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AP Statistics Section 7.2 B Law of Large NumbersPowerPoint Presentation

AP Statistics Section 7.2 B Law of Large Numbers

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AP Statistics Section 7.2 B Law of Large Numbers

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The sampling distribution of a statistic is just the probability distribution of the random variable.We will discuss sampling distributions in detail in Chapter 9.

Is it reasonable to use to estimate ? We don’t expect and we realize that will probably change from one SRS to the next. So what could we do to increase the reasonableness of using to estimate ?

This idea is called the The Law of Large Numbers, which says, broadly anyway, that as the SRS increases, the mean of the observed values eventually approaches the mean, , of the population and then stays close.

Many people incorrectly believe in the “law of small numbers” (i.e. they expect short term behavior to show the same randomness as long term behavior). This is illustrated by the following experiment.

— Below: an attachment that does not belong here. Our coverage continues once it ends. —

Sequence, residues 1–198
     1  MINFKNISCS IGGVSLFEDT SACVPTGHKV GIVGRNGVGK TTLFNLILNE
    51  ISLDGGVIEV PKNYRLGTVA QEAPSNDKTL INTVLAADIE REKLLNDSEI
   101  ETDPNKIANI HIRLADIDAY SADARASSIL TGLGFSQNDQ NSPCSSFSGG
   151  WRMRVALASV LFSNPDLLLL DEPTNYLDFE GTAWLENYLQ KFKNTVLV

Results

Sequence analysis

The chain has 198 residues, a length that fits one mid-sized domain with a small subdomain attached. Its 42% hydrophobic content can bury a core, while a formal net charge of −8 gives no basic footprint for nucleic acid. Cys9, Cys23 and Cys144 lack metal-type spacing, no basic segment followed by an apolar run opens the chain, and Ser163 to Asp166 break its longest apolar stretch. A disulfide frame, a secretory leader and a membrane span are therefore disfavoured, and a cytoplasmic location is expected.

How long is your longest string (called a run) of consecutive heads or tails? _____Most people will write a sequence with no more than _____ consecutive heads or tails. Longer runs don’t seem “random” to us.

The probability of a run of three or more consecutive heads or tail in 10 tosses is actually greater than ____. This result seems surprising to us. This result occurs in sports as well with the idea of a “hot hand” in basketball or a “hot bat” in baseball.

Careful study suggests that runs of baskets made or missed are no more frequent in basketball than would be expected if each shot was independent of the player’s previous shots. Gamblers also follow the hot-hand theory, also to no avail.